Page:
Skin Cancer and Organ Transplants

Transplant Dermatology Multidisciplinary Clinic at BIDMC

Dermatologist Jonathan Weiss, MD, treats BIDMC patient after organ transplant
Dermatologist Jonathan Weiss, MD, treats and helps prevent skin cancer that may develop after an organ transplant.
Did you know you have a greater risk for skin cancer after an organ transplant? Here’s why: anti-rejection medications prescribed after your transplant weaken your body's resistance to skin cancer. Your risk increases over time after your transplant surgery.

The Transplant Dermatology Multidisciplinary Clinic brings you expert care to treat and prevent skin cancers that may occur after your transplant.

Schedule Your Appointment: 617-632-9700

Complete Care: One Location, One Visit

During your appointment, you will meet with skin and kidney specialists who will provide well-coordinated, complete care in one location.

First, a dermatologist (skin doctor) will review your health history to assess your skin cancer risk, and will provide a full skin exam. Biopsies can be performed on-site right away if any suspicious lesions are found.

Next, a nephrologist (kidney specialist) will review your anti-rejection medications, and may fine-tune your dosage or change your medications if necessary to limit your risk of skin cancer while keeping your transplanted kidney safe.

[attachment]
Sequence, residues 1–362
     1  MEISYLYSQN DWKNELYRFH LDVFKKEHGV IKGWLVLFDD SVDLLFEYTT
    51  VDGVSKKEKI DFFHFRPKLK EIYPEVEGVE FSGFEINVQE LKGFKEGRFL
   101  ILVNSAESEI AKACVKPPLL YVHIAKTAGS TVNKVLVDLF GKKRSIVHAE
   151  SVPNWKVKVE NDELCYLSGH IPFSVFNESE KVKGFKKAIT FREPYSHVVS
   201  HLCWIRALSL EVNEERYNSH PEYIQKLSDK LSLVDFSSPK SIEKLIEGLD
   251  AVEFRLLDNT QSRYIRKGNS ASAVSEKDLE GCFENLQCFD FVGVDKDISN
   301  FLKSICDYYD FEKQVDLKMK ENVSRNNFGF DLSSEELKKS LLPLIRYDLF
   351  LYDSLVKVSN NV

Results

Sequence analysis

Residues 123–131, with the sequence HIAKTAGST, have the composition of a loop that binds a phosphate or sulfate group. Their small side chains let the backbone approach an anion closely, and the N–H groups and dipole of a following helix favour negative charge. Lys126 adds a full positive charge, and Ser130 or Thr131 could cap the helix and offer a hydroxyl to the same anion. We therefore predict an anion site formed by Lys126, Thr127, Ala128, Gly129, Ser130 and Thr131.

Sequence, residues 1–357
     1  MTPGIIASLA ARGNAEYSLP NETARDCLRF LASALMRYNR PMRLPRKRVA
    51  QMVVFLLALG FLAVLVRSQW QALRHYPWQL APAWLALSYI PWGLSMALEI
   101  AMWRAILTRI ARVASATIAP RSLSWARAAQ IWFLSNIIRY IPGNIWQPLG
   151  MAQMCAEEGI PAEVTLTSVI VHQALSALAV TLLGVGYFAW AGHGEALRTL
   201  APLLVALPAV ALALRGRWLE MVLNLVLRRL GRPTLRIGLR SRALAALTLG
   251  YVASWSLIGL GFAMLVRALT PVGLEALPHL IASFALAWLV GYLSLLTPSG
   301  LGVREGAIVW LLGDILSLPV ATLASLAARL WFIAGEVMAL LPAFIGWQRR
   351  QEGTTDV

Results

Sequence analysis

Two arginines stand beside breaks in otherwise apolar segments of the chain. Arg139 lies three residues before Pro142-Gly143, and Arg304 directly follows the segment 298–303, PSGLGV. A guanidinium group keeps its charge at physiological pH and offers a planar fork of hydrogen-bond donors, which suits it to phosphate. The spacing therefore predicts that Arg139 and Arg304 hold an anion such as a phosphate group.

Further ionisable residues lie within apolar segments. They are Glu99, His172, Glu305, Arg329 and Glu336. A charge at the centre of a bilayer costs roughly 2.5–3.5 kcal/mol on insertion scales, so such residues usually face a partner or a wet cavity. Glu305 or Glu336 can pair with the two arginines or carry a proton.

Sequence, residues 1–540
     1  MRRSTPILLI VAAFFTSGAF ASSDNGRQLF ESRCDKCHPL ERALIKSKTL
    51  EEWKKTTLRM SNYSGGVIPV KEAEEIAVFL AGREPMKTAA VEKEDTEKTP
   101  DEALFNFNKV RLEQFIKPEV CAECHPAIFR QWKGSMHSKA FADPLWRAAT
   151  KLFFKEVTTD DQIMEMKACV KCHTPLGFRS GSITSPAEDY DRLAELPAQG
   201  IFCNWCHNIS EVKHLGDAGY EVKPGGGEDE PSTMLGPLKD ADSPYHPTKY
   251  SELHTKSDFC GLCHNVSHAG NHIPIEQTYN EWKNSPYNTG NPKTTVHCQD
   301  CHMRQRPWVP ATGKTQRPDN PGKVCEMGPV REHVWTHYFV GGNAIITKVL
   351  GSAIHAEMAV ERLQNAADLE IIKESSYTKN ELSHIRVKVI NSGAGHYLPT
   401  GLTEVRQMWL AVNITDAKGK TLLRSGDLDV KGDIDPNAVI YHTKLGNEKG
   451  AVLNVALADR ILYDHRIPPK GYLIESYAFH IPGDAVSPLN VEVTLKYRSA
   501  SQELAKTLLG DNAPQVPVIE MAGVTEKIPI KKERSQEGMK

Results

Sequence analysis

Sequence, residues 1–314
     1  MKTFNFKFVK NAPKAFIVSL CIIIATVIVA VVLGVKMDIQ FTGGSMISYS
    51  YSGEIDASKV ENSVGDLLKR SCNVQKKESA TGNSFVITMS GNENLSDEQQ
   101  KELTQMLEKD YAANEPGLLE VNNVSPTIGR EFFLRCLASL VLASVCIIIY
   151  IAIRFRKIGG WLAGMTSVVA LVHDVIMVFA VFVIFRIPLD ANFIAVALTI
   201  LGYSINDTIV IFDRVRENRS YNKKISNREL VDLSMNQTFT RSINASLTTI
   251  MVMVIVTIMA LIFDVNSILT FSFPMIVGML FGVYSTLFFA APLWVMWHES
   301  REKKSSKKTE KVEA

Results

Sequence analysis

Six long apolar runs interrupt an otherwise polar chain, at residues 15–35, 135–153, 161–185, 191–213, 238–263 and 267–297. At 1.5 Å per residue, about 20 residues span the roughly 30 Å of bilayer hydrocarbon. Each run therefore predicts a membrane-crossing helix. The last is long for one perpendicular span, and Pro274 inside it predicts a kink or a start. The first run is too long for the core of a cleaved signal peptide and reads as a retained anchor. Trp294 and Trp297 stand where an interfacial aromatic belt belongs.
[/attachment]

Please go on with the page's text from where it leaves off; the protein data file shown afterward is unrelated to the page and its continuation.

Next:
We can also arrange an appointment with a dermatologist if you have received an organ transplant other than a kidney (liver, pancreas, heart, lung, etc.), and care can be coordinated with your transplant doctors.

Meet Our Team

Jonathan Weiss, MD

Jonathan Weiss, MD

Mohs and Dermatologic Surgery

Know Your Risks

You may have an even greater risk for skin cancer after an organ transplant if you have:

  • Fair or easily burned skin
  • Blue, green or hazel eyes
  • Red or naturally blonde hair
  • History of extensive outdoor sun exposure
  • Extensive freckling
  • History of tanning bed use
  • A prior history of skin cancer
  • A family history of skin cancer

Prevention is Key

Here are some things you can do to reduce your skin cancer risk:

  • Limit outdoor activities between 10:00 am – 4:00 pm since this is when the sun is most intense.
  • Wear broad-spectrum sunscreen with an SPF 30 or higher on a daily basis.
  • Use SPF 50 or higher during outdoor activities.
  • Reapply sunscreen at least every two hours when outdoors.
  • Seek shade whenever possible.
  • Wear a wide-brimmed hat and other sun-protective clothing.
  • Avoid sun tanning or tanning bed use.
  • Check your own skin once a month in front of the mirror for new or changing lesions.